Boris, Brexit and British capitalism: unpredictable, volatile and unstable

New Tory prime minister (Wikimedia/CC)

Boris Johnson’s victory in this summer’s Tory party leadership election will probably turn out to be the most predictable political event of 2019.

Having successfully manoeuvred during the MPs’ part of the contest to ensure that his opponent would be a Remain supporter from the 2016 EU referendum, rather than another Vote Leave campaigner, the Tory ranks were always going to go for Johnson.

And so 92,153 people – less than one-fifth of one per cent (0.2%) of the 45.7 million UK electorate – selected the next prime minister.

But Johnson’s victory resolves nothing, for the fate of the Tory party or for Brexit. How future events develop will be anything but predictable.

Johnson has pledged that Britain will leave the EU by 31 October ‘with or without a deal, do or die’.

Equally likely however, if not more so, is a continued fragmentation of the Tories and a renewed parliamentary paralysis when MPs reassemble from the summer break in early September.

A general election in the autumn is now firmly on the agenda, against the backdrop of global and domestic turbulence – and the possibility, then, of a Corbyn-led government.

If there is not a withdrawal treaty agreed by 31 October the default position is that the treaty obligations between Britain and the remaining EU27 countries will no longer apply at that point, a ‘no-deal’ Brexit.

To obtain a further extension the UK government needs to request one, and an EU summit agree to it and its terms unanimously.

The EU27 countries have, so far, maintained a unified position that the current ‘Brexit-in-name-only’ 585-page legal withdrawal treaty agreed with Theresa May last November is not up for renegotiation.

But the more ambiguous, non-binding political declaration could be recast, they say. The EU27 leaders do not wish for a disorderly Brexit or for ‘Brussels’ to be blamed if the whole process collapses.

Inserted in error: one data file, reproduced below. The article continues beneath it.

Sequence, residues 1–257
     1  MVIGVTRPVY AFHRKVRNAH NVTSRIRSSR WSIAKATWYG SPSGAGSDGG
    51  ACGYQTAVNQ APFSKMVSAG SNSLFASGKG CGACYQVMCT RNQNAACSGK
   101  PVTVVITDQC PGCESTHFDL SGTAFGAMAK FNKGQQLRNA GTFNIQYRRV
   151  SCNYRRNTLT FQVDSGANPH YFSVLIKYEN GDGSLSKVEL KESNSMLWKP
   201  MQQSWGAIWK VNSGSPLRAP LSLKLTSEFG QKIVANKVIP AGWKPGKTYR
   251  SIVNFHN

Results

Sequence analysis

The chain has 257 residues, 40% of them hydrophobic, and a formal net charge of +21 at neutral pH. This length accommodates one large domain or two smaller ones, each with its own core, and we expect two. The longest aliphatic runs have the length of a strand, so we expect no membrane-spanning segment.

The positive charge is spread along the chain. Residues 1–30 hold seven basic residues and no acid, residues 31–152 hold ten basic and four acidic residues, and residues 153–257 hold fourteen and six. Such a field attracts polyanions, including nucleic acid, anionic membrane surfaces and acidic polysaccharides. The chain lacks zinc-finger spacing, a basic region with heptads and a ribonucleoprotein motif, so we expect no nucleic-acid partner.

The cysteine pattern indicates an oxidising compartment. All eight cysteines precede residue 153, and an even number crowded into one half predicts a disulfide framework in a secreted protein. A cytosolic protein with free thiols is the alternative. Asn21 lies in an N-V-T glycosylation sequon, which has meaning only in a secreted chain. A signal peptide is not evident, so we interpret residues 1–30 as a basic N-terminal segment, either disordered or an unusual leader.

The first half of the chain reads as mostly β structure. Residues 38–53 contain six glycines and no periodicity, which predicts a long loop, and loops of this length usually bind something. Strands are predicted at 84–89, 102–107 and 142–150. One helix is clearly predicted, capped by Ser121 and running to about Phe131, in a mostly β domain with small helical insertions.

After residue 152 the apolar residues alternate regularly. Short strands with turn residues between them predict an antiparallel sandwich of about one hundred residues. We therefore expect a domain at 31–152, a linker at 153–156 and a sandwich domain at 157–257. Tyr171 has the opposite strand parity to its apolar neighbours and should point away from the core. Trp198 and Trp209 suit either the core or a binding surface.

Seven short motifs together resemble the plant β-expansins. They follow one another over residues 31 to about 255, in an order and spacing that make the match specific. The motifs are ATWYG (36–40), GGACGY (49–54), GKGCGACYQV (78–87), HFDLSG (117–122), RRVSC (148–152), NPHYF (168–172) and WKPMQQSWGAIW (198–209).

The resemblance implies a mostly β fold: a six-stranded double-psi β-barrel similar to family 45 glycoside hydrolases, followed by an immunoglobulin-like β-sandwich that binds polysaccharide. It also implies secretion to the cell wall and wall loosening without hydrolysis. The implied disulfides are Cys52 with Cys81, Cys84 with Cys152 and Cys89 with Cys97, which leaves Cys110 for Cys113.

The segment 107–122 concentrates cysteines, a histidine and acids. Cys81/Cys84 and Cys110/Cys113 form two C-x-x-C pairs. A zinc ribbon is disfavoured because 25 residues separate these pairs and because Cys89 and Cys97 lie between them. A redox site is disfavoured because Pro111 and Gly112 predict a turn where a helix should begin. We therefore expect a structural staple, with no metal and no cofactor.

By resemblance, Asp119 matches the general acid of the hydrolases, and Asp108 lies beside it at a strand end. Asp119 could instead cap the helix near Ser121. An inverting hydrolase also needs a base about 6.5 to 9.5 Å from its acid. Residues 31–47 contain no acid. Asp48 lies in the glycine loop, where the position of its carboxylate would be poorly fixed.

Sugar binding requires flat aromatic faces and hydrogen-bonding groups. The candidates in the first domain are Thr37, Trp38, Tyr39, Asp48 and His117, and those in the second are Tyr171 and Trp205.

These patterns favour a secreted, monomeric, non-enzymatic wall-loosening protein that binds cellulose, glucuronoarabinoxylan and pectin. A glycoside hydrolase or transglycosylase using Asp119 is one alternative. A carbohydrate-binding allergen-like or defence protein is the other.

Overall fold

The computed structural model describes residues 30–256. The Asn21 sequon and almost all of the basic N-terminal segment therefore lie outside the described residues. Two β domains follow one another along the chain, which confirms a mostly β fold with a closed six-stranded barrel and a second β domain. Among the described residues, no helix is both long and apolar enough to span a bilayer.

A significant number of Tory remainer MPs have threatened to support a parliamentary no-confidence vote against a Johnson premiership if it is clear by September that a no-deal Brexit is being actively pursued.

On the other hand, changes of little substance are unlikely to satisfy the hard Brexiteer European Research Group (ERG) of Tory MPs. Conscious that a majority even of Johnson’s new cabinet backed remain in 2016, the ERG deputy chairman Steve Baker refused a ministerial job offer on the grounds it would render him ‘powerless’.

All of this points to Johnson going for an early snap election to try for a ‘personal mandate’ to pre-empt the inevitable collapse of his government.

Speaking at her farewell drinks gathering of Tory MPs Theresa May stressed that their priority should be “stopping Jeremy Corbyn entering Downing Street”. The prospect of a Corbyn-led government is almost the only glue holding the Tories together.

The ruling class as a whole, too, looks on a Corbyn-led government with trepidation. Under Tony Blair their attitude was different. With Labour’s transmutation into the completely capitalist New Labour in the 1990s, the capitalists were confident that their interests would be served.